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Open Door to Horrid Truths

June 25, 2007



Open Door to Horrid Truths

Published on: 06/22/07 - Atlanta Journal Constitution

"I decided that I would start with his feet, gathering strength as I went up," said Mamie Till, Emmett Till's mother. "I paused at his mid-section, because I knew that he would not want me looking at him. ... I kept on up until I got to his chin. Then I was forced to deal with his face."

When Emmett Till's broken body was sent from Mississippi back to Chicago, his mother took one look at her son's body and demanded an open-casket funeral. Fifty thousand people came to see that body, and his battered face. There must be few things more wrenching for a mother than to put her deceased son on display. But she chose to do just that, rather than to seal the truth in a casket.

Fifty-two years ago, Emmett Till, a 14-year-old black boy, was beaten and shot to death for allegedly whistling at a white woman in segregated Mississippi. An all-white jury took 67 minutes to acquit two white men of the murder; months later, they admitted the crime and spent the rest of their lives in freedom.

And now, we have named a bill in honor of Till, to expose the unpunished crimes of murderers like his and to confront the troubled history of race in America. This week, we celebrate the passage of the Emmett Till Unsolved Civil Rights Crime Act in the House of Representatives. Unfortunately, the only thing standing in the way of its Senate passage is a hold placed on it by U.S. Sen. Tom Coburn (R-Okla.). His delaying tactics are postponing justice day by day, and we trust that he will overcome his faulty objections.

This biIl creates two new civil rights positions in the Department of Justice to spearhead and coordinate federal, state, and local efforts to bring long-time fugitives to justice. It authorizes a potential $10 million per year to be added to the Department of Justice budget for the purpose of investigating and prosecuting outstanding Civil Rights era crimes. It also authorizes $1.5 million per year for outreach to garner the cooperation of local communities, and $2 million in federal support to help state and local law enforcement officials prosecute these crimes.

The Till Act is not a reckless, unchecked spending measure. Under the pay-as-you-go rules of the House and Senate, initiated by the Democratic majority to rein in the excessive spending of the last Congress, the appropriations committees lead the effort to find ways to fund new congressional directives. This is done in a way that does not increase the record deficit initiated by years of reckless spending measures.

This legislation does not distribute new funds. Instead, it sets a spending ceiling that the Budget Committee and the Appropriations Committee in both the House and the Senate can use as a guide when they develop future federal budget and appropriations measures. In a federal budget that is nearing $3 trillion, the allocations for this bill are not excessive. Republicans and Democrats voted for this bill because they understand that you cannot put a price on justice. The Emmett Till Act creates powerful new tools to unearth evidence and bring it to trial. These are important steps toward repairing the integrity of our judicial system.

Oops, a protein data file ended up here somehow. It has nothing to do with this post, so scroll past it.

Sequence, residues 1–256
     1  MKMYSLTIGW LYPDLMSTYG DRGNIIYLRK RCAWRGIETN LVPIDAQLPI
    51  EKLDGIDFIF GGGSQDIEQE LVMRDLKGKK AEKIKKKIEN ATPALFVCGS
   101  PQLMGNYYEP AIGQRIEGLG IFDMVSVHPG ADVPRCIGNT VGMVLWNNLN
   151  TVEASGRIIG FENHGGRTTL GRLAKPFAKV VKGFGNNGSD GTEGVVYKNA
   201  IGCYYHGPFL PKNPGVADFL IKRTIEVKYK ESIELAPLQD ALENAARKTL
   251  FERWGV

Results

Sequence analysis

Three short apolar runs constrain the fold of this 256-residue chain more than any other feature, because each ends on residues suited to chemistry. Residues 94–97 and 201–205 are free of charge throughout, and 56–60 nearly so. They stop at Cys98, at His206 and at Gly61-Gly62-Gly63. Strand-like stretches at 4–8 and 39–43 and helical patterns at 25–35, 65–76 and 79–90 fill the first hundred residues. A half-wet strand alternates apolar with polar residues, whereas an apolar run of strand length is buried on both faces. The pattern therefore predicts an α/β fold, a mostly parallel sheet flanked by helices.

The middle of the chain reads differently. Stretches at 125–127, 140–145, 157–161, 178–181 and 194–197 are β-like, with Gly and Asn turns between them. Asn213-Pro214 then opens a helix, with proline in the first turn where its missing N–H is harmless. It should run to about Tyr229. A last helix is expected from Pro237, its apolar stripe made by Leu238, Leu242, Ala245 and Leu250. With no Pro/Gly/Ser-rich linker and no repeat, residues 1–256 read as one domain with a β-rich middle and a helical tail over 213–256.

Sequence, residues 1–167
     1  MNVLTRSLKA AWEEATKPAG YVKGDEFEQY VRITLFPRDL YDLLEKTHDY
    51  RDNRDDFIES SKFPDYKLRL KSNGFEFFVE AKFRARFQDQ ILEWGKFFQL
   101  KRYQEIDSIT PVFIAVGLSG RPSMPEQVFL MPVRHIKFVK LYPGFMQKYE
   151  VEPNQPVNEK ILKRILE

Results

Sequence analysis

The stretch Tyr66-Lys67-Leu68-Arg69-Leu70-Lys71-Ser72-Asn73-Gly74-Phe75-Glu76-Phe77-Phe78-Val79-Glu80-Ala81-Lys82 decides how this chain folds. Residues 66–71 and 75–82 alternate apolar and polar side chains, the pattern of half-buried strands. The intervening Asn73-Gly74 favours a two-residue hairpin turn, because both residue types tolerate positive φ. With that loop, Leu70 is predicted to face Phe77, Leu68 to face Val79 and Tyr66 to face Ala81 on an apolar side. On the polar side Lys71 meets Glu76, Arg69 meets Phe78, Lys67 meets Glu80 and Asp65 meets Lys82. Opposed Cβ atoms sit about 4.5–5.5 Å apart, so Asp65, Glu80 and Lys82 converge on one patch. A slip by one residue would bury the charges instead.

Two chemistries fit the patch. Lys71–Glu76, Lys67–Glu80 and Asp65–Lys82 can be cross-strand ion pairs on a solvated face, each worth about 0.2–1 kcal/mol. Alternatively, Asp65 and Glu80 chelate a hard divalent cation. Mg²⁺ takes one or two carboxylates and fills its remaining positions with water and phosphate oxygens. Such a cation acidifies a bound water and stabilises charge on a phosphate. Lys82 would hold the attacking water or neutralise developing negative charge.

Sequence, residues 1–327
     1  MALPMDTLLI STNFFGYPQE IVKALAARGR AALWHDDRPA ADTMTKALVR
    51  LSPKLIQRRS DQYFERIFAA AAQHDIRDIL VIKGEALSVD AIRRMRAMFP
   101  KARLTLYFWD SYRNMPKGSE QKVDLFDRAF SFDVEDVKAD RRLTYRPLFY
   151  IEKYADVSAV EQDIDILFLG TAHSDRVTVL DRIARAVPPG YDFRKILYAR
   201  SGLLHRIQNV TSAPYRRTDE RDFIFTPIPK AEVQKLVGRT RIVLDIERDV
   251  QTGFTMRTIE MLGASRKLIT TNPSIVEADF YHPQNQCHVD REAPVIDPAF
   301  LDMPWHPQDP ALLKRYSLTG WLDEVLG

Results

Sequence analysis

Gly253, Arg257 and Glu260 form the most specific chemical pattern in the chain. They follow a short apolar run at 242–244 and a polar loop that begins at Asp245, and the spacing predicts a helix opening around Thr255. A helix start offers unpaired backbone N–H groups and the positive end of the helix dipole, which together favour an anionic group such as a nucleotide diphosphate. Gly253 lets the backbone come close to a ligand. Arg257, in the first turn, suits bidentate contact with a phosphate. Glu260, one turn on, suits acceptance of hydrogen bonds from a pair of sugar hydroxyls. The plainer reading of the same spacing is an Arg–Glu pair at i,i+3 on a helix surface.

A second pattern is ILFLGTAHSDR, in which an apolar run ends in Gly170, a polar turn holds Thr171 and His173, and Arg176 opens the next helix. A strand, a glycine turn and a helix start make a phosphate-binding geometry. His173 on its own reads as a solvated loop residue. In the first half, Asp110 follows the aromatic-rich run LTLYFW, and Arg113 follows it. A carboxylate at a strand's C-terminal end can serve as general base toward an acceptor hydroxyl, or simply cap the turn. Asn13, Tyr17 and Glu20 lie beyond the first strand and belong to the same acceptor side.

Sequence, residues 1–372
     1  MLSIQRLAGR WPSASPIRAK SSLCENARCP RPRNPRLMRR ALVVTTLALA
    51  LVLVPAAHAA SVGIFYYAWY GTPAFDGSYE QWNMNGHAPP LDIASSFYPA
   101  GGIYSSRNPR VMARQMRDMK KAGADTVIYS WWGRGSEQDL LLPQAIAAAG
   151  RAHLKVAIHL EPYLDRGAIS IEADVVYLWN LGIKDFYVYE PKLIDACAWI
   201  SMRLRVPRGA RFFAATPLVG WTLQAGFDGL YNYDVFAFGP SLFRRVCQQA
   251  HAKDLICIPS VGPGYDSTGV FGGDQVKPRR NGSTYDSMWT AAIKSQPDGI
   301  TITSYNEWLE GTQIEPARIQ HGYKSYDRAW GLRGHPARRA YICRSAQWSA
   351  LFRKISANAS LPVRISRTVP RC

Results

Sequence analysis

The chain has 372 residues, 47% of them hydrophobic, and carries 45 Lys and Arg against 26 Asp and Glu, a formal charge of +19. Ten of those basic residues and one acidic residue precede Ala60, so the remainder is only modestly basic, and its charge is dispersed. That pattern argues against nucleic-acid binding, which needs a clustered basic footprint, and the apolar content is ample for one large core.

But it is still insufficient. There were many, many years in our country when hate crimes were rarely investigated, when murderers could walk free as long as they chose the right victims. Forty-three years ago, civil rights workers Andrew Goodman, James Chaney and Michael Schwerner were murdered in the town of Philadelphia, Miss. And more than four decades passed before a reckoning: Two years ago, Ku Klux Klan member Edgar Ray Killen was finally found guilty of their deaths.

The Emmett Till Act can't erase that memory. It can't take away a single year that lapsed between crime and justice. But it can keep even more years from piling on. Hundreds, maybe even thousands, of civil rights-era crimes remain unsolved. If we want to remove a great stain on our justice system, we need to reopen the books on as many as we can.

The hour is, obviously, very late. Memories are dimming. Those who can bring some truth to light are, unfortunately, passing away. So this bill may offer the last, best chance for our nation to write a hopeful postscript to its struggle for racial equality.

Perhaps some would call this a case of "too little, too late." And they'd be absolutely right. But every day that passes means "less and later." Every day, communities suffer under the unspoken burden of these crimes.

The Emmett Till Act is our chance to ease that burden for good. A trial goes far deeper than the victim and the accused: It is, as Schwerner's widow has said, "a public event through which a community attempts to confront a wrong. ... Understanding our history is the necessary step toward ensuring that we move ahead as a society which is committed to healing our wounds, and achieving reconciliation."

Don't doubt that it will cost us - above all, in the ache of remembering violence that would be much more pleasing to forget. Emmett Till's mother felt that pain 52 years ago. But she knew that there was even worse pain in hiding the truth. Pull open the lid: "Here is the truth. Look."